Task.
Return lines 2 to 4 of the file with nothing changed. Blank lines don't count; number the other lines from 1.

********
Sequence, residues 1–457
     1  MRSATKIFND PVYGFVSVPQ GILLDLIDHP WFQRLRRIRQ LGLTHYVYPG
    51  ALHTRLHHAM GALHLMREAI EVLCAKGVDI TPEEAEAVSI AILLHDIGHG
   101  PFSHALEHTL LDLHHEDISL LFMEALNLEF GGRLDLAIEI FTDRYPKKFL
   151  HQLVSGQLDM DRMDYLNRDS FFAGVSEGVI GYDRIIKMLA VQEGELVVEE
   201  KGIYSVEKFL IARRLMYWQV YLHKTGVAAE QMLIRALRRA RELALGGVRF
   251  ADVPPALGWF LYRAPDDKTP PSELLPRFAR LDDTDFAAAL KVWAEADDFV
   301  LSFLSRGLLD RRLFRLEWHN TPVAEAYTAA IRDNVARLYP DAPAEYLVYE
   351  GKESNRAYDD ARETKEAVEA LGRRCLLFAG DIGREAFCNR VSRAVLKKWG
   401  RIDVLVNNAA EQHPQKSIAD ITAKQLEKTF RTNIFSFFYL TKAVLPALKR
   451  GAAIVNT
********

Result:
     1  MRSATKIFND PVYGFVSVPQ GILLDLIDHP WFQRLRRIRQ LGLTHYVYPG
    51  ALHTRLHHAM GALHLMREAI EVLCAKGVDI TPEEAEAVSI AILLHDIGHG
   101  PFSHALEHTL LDLHHEDISL LFMEALNLEF GGRLDLAIEI FTDRYPKKFL